9 – Re-learn how to communicate

A lot of communication on a co-located team happens by osmosis.

If some of your team are remote they won’t get that benefit. Invest in tools like slack and github that support asynchronous collaboration but don’t just use them for “work” – dial up the chatter and small talk so that everyone can feel part of a human team.

 

Dark for the last few months?

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photo looking up a medieval chimney

There’s some bright lights ahead…

Over the last year I’ve changed roles (twice – but still in the same company) so things have been pretty quiet on here as I cram a mountain of new information, ideas, thoughts and challenges into my brain and try to make sense of it in ways that are insightful or useful to anyone that reads these posts.

I picked up and then put down development of my text adventure after a few months – I learned more than enough to meet my stated goals when I started but re-discovered how addictive coding something you really care about can be. I got to the point where I was head-down coding 6+ hours a day on top of a full time job. This was stealing time away from learning more important and valuable (but probably less fun) things for me and not leaving me enough head space for much else. (It was also mentally exhausting doing both)

As some context, Last Spring I moved on from my Head of Project Management role here to work with our Sales Operations team for a couple of months. This was a combination of me wanting to get my head back into the commercial side of the software business and a pull from the team to have some support and a tune-up around their capacity, flow of work and goals.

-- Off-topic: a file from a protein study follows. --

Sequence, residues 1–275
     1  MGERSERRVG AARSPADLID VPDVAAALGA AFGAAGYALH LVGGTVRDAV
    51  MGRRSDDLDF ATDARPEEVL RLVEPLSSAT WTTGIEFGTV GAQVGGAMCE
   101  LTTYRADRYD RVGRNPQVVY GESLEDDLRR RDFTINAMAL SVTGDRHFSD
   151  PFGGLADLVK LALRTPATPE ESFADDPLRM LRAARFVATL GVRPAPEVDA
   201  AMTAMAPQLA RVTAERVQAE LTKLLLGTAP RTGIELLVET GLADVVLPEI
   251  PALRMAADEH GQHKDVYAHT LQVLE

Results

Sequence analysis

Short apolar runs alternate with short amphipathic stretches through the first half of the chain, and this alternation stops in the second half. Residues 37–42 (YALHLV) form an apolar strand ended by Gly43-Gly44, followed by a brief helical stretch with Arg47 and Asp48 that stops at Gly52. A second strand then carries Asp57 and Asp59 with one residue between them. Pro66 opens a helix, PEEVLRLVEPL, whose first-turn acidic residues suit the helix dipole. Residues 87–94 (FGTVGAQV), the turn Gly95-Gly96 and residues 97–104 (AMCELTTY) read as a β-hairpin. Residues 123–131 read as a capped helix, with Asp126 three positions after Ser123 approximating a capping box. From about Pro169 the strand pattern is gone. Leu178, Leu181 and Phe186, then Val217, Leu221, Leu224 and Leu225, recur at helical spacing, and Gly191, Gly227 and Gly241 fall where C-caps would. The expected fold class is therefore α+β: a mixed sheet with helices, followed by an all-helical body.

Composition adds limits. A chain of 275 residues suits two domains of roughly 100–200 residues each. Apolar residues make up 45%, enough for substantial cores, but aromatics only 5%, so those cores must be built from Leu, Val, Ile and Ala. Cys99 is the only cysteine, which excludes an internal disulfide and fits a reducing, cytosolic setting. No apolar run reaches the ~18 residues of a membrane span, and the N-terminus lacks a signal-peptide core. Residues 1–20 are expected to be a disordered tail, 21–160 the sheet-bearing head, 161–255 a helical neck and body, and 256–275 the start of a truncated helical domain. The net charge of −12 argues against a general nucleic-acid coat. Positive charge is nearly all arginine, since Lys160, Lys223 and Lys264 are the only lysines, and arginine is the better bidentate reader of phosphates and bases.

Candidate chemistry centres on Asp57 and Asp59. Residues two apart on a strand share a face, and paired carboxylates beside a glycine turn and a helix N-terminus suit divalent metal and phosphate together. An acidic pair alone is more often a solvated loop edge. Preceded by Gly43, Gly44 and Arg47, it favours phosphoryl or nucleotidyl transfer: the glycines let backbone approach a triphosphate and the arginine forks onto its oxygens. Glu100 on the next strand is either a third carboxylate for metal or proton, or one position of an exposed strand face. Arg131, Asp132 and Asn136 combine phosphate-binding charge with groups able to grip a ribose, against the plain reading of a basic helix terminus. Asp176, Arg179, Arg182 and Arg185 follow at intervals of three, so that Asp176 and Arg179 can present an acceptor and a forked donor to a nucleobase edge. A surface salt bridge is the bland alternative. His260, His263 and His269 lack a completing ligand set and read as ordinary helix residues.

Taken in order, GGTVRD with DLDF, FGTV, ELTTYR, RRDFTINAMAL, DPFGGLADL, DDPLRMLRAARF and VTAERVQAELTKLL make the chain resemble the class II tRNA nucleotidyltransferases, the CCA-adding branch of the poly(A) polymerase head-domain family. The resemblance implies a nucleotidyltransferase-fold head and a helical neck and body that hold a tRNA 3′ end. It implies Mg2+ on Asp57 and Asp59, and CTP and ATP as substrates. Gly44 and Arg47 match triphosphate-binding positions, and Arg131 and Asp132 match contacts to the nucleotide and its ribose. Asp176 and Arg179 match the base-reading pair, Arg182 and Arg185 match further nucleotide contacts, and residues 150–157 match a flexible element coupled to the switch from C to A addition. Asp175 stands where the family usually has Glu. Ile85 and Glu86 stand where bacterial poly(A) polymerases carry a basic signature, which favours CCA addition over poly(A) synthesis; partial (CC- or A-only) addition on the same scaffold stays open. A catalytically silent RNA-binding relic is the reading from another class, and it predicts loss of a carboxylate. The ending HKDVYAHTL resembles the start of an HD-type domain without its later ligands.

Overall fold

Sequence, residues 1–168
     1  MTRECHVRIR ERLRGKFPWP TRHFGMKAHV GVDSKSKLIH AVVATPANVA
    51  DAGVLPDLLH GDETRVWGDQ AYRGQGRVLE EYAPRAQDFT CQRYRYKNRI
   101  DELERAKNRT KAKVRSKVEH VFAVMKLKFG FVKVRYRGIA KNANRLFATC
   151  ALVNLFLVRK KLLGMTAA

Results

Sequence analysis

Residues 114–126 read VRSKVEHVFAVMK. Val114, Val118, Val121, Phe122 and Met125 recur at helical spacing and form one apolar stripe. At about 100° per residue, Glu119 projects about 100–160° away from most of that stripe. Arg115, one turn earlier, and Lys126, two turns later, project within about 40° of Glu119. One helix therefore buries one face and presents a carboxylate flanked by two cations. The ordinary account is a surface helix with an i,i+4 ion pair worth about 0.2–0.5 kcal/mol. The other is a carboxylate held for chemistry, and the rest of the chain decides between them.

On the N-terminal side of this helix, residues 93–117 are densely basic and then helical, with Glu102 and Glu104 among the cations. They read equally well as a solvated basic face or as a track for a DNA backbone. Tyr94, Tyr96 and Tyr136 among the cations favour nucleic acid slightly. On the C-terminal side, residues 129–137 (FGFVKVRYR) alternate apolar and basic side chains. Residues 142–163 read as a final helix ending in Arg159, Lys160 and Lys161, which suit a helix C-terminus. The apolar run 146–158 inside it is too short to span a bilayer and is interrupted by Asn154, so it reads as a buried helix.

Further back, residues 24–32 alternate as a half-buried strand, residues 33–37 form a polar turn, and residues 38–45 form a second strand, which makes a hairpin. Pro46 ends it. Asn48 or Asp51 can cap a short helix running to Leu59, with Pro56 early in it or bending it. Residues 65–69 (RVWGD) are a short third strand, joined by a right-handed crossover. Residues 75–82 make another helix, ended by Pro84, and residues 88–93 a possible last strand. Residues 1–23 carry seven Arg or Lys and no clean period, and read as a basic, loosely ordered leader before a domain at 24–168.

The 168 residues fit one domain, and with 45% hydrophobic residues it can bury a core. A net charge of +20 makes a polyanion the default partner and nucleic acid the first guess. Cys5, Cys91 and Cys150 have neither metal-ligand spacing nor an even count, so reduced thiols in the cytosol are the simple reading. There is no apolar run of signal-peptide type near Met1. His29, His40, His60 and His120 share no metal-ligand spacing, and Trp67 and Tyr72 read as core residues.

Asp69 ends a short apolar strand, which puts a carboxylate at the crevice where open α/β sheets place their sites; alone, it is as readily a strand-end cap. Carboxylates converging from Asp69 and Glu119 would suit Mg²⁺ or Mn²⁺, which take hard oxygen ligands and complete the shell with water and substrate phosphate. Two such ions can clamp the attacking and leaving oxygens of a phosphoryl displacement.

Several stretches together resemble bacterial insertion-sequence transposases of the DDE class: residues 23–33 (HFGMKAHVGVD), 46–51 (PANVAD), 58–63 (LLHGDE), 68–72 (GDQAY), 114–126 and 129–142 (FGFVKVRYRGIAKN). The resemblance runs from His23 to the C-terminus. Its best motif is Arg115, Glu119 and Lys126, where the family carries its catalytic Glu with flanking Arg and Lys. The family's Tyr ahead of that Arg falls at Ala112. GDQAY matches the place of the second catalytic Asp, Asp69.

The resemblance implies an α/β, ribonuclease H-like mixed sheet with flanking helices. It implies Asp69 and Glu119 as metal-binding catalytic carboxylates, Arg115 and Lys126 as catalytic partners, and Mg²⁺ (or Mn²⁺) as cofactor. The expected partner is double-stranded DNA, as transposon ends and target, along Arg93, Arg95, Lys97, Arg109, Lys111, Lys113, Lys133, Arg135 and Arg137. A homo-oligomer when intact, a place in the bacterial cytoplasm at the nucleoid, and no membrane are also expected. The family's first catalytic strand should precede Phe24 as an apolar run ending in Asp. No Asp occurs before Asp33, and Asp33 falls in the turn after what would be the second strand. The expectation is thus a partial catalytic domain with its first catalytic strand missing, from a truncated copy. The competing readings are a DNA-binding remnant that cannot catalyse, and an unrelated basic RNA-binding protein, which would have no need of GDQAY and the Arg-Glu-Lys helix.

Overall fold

I’ll write a short post on this as it was useful for both me and the team but in a nutshell it was just under 3 months of applying lean, agile & theory of constraints principles to an ops team and setting them up for future success.

Since the Summer I’ve had a new long-term challenge. It’s a far cry from leading agile teams but still uses my broader industry skills & experience.

I’m now heading up Product Design here.

So far I’m loving the move. It’s full of new challenges. I’ve picked up support for our Technical Communications, User Experience and Product Management communities, bootstrapped a major product design initiative and (as always) I’m interviewing like crazy for new recruits for all these roles.

I’m now working directly for our CTO as part of a team of 6 amazingly talented people covering our innovation, strategy, engineering and product design capabilities. We’ve a load of work to cover and our roles intersect enough that we can collaborate on some bigger things affecting the way we operate.

At the moment we’re in the middle of rebooting our communities of practice, a portfolio-wide strategic review, a push toward design-led product thinking, building a strong learning and development foundation for our product organization and significant market and innovation research.

After feeling that much of the new focus in agile (around scaling) was in contexts that no longer applied to me, it’s good to be back into researching and studying in depth around strategy, design and innovation and finally feeling these ideas all coming together. I’m thoroughly enjoying the break from running software teams directly and working hard on my influencing, sharing and leading again.

So… Time & motivation-permitting I’ll start posting a few new lessons and experiences over the coming weeks and months. They’ll still have relevance to agile and software but will be much more focused on the business end of things; product design, strategy, recruitment, organizational capabilities and innovation.

Thanks for sticking with me this far.

S